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Artificial Pancreas may help control type 1 diabetes

A two-hormone closed-loop artificial pancreas using a computer algorithm may tighten blood sugar control in patients with type 1 diabetes while lowering risk for hypoglycemia (low blood sugar). This is according to the results of a recent study of Science Translational Medicine.

“We have developed a closed loop control system that uses frequent measurements of blood glucose concentration along with subcutaneous delivery of both the fast-acting insulin analog lispro and glucagon (to imitate normal physiology) as directed by a computer algorithm. The algorithm responded only to blood glucose concentrations and incorporated a pharmacokinetic model for lispro,” says Firas H. El-Khatib, PhD, from Boston University in Massachusetts and colleagues in their research.

Compared with six out of 11 type 1 diabetes patients who had no episodes of hypoglycemia requiring treatment, five patients who did have hypoglycemia requiring treatment had slower lispro absorption kinetics during the 27-hour experiments.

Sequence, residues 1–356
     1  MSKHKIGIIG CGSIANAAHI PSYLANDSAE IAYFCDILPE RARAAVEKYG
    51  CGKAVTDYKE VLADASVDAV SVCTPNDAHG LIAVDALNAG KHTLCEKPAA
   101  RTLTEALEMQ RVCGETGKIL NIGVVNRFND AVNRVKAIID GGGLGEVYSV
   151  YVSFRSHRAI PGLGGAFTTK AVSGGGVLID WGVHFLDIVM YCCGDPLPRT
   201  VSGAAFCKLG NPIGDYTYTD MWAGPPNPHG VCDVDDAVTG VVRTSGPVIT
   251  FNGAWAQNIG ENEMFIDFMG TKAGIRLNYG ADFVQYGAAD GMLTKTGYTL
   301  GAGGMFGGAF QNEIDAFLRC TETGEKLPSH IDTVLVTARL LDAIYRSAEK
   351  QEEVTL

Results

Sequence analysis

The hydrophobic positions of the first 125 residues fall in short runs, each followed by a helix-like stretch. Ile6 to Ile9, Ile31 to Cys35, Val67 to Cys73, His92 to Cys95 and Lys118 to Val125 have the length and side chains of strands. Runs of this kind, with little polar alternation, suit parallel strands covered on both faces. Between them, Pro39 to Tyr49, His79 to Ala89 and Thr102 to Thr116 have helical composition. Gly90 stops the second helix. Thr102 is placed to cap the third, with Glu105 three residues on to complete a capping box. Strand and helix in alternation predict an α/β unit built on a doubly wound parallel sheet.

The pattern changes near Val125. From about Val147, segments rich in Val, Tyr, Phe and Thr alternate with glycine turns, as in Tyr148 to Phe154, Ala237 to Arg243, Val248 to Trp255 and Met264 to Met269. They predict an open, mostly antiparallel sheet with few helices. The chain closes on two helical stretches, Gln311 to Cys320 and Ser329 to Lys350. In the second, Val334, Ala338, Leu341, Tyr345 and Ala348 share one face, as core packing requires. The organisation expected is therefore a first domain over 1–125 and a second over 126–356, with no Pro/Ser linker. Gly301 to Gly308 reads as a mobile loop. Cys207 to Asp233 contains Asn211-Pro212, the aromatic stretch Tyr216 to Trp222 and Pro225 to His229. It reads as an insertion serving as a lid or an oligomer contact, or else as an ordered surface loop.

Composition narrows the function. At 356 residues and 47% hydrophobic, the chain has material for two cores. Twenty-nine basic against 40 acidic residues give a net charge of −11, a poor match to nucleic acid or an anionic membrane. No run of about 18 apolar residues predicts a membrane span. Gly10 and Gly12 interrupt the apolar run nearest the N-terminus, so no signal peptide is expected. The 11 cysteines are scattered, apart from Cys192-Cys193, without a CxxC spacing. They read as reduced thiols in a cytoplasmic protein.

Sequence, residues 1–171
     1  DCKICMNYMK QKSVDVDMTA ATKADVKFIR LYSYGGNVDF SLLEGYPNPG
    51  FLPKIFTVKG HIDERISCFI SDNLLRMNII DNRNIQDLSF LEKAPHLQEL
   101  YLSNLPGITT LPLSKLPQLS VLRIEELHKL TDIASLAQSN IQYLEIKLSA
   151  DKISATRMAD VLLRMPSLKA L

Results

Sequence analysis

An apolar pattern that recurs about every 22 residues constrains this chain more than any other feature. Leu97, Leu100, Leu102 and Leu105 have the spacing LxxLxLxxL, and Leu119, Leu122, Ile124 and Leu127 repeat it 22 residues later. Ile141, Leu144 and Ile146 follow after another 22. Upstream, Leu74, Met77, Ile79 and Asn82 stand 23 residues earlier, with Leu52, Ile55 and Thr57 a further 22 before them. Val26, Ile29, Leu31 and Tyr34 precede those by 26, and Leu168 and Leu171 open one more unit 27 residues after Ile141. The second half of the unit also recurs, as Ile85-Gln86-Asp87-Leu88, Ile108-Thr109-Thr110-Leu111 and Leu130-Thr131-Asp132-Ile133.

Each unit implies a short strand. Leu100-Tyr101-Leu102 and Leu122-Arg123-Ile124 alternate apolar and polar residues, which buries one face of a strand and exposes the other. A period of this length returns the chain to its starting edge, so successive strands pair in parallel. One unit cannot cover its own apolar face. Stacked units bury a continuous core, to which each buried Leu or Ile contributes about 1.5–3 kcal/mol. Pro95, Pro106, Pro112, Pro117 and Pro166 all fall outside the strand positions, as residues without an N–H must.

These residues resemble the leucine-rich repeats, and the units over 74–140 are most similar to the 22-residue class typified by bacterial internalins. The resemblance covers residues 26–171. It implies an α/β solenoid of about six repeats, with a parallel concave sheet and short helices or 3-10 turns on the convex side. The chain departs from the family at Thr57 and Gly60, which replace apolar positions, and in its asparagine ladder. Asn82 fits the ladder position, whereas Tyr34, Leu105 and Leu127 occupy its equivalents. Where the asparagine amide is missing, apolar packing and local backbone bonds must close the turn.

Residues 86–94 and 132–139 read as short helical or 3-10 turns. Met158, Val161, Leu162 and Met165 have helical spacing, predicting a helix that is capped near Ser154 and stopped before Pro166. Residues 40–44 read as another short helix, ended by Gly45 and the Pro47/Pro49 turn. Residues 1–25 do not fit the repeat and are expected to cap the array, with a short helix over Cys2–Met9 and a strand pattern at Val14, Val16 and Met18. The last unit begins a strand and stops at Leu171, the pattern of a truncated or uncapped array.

In another experiment, the investigators set the time-to-peak plasma lispro concentration to 65 minutes resulting in the prevention of hypoglycemia in both groups to achieve an aggregate mean blood glucose concentration of 164 mg/dL.

“These results demonstrate the feasibility of safe blood glucose control by a bihormonal artificial endocrine pancreas,” the study authors write. “Near-normal mean blood glucose concentrations without hypoglycemia were achieved without feed-forward information or pretreatment for very high carbohydrate meals in the subjects with faster insulin pharmacokinetics. In subjects with slower insulin absorption, adjustment of the algorithm’s pharmacokinetic parameters prevented hypoglycemia at the cost of modestly higher average blood glucose concentrations.”

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